Space is being invaded by miniature hitchhikers. Small and cheap, so-called CubeSats are rapidly becoming more capable, and their missions more ambitious. CubeSats have typically hitch-hiked to space, riding alongside conventional rocketed missions. So far these box-like modular payloads have been confined to low-earth orbit (LEO), but this is about to change. The LEO barrier will soon be broken, in a variety of unique and innovative ways.
The CubeSat concept was conceived by two professors at California Polytechnic State University and Stanford University in 1999. Since then the quantity and sophistication of these vehicles has grown tremendously, due to commercial-off-the-shelf parts, a standard modular interface (with the launch vehicle), and miniaturized electronics (driven in part by the mobile phone industry). The relative low-cost has permitted amateurs, students, and businesses to enter the arena of space, each adding special capabilities and insights. Space science and exploration is being democratized, and you (whoever you are) can and should get involved.
CubeSats currently provide high-resolution Earth imagery, track weather phenomenon, and are being considered as a framework for global high-speed Internet. But it’s the future visions for interplanetary flight which really excite me. In the next few years, CubeSat’s will travel to a near-Earth asteroid (NEA) demonstrate solar-sail propulsion, look for water deposits on the Moon, and even investigate Mars. NEA Scout is a 6U (6 modular block units) solar-sailing vehicle, selected to travel alongside the first test flight of the Space Launch System and Orion Crewed Spacecraft (EM-1).1 Solar-sailing is an awesome form of low-thrust propulsion, with incredible potential. A large enough sail could enable us to reach the stars in a human lifetime! Previously, the planetary society demonstrated the use of a solar sail on its 3U Lightsail spacecraft.2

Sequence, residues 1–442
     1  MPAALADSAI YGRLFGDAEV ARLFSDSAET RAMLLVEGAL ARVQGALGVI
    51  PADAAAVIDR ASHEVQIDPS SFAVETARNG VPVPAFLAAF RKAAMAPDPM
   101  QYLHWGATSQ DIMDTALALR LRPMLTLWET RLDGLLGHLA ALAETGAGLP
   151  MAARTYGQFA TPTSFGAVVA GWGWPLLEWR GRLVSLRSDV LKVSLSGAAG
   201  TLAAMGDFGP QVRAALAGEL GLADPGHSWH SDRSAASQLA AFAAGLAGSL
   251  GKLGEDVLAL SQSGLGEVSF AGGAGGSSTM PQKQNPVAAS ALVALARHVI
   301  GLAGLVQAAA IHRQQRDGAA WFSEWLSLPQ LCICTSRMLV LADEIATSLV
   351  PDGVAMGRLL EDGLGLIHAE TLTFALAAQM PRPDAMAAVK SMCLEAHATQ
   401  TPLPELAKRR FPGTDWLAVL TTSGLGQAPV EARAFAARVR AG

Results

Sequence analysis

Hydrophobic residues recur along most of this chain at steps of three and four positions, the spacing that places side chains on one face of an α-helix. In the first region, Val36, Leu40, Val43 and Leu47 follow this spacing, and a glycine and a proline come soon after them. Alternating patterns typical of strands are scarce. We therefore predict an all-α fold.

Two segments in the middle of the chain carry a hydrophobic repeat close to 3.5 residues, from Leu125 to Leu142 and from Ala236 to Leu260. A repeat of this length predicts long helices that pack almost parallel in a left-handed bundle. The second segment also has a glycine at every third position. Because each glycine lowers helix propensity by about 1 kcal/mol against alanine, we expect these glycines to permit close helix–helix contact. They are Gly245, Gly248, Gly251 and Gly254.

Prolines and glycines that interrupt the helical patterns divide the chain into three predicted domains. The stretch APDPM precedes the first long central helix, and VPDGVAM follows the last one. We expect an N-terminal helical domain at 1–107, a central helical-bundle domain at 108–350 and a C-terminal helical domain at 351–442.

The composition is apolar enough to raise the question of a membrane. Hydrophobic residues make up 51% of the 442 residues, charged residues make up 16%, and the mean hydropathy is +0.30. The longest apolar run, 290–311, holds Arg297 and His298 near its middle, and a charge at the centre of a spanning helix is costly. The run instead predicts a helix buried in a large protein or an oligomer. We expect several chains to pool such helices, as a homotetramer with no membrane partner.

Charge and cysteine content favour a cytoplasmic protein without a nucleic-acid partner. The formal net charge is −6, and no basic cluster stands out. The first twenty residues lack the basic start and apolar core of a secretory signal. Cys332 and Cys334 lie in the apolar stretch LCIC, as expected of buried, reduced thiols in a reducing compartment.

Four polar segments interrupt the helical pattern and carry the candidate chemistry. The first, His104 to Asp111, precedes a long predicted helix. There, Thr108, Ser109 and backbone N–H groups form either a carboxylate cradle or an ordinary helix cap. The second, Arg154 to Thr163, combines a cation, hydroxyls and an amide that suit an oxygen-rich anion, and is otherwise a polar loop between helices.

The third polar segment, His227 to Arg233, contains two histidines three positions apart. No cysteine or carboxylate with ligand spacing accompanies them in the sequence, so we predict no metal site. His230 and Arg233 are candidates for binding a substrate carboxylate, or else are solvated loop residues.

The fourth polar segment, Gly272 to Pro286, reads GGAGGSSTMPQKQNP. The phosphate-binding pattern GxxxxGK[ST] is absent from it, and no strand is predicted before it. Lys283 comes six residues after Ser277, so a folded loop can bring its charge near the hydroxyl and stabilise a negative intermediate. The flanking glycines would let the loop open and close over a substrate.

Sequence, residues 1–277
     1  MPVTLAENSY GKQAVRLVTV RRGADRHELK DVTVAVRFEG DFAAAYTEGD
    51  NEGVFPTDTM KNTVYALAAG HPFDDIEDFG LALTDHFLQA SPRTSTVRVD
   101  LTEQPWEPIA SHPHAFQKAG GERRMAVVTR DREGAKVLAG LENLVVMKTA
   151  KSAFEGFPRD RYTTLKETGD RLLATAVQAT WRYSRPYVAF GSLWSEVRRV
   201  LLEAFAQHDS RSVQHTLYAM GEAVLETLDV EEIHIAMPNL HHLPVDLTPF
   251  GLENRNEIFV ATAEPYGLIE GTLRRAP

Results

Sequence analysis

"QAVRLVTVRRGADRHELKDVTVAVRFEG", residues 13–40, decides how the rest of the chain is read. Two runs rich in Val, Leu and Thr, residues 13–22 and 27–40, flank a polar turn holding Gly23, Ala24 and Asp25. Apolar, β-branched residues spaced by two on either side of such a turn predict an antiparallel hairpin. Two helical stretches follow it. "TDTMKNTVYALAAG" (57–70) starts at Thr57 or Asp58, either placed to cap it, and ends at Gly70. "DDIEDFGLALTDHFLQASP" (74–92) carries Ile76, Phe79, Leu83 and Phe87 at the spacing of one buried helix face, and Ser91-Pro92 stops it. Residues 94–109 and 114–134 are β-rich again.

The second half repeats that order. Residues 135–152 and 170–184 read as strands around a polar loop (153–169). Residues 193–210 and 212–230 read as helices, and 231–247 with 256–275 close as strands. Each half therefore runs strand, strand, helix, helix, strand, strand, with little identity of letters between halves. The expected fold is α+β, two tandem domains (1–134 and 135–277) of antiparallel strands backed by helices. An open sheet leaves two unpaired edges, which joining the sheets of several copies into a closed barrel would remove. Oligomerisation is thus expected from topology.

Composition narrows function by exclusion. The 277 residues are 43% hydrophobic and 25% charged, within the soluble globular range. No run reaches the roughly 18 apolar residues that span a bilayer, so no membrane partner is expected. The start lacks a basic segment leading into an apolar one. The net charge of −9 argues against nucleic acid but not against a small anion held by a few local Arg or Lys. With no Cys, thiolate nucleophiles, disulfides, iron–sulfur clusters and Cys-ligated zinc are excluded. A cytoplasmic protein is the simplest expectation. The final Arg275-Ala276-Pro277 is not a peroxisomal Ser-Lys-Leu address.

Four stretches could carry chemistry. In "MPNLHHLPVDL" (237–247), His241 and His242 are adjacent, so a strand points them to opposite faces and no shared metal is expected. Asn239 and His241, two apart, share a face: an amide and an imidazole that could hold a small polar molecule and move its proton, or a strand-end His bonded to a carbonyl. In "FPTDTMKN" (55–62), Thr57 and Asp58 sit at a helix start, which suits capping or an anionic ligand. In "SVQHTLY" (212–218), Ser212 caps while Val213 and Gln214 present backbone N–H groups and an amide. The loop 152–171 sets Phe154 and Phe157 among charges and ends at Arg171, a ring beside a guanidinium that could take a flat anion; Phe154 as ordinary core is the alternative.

LunaH-Map is another micro-payload selected for EM-1, and is being developed by Arizona State University (my alma mater).3 It will orbit the Moon, and provide a very detailed map of water deposits near the Lunar south pole. 2018 will also see the InSight mission depart for Mars, and with it twin CubeSats called MarCO, the first interplanetary voyagers of their kind. MarCO is a JPL led mission, and will help transmit data during InSight’s crucial entry, descent, and landing phase.4
The CubeSat revolution is exciting to a mission designer like me, because these platforms permit the execution of high-risk technology demonstrations. Conventional spacecraft missions, consist of a myriad of scientific instruments and goals, and therefore tend to be somewhat risk averse. We would not attempt solar sail propulsion demonstration, for example, on such a valuable vehicle. But we must somehow push these technological boundaries, if we wish to continue to expand the possible frontier. Else we will stagnate and become repetitive in our inquiries. CubeSats seem to provide the perfect platform for such experimentation. Upon their tiny shoulders we might take great risk, and in time realize great reward. What began as an educational tool, is now that and more. This is a true revolution. I cannot wait to see where it takes us.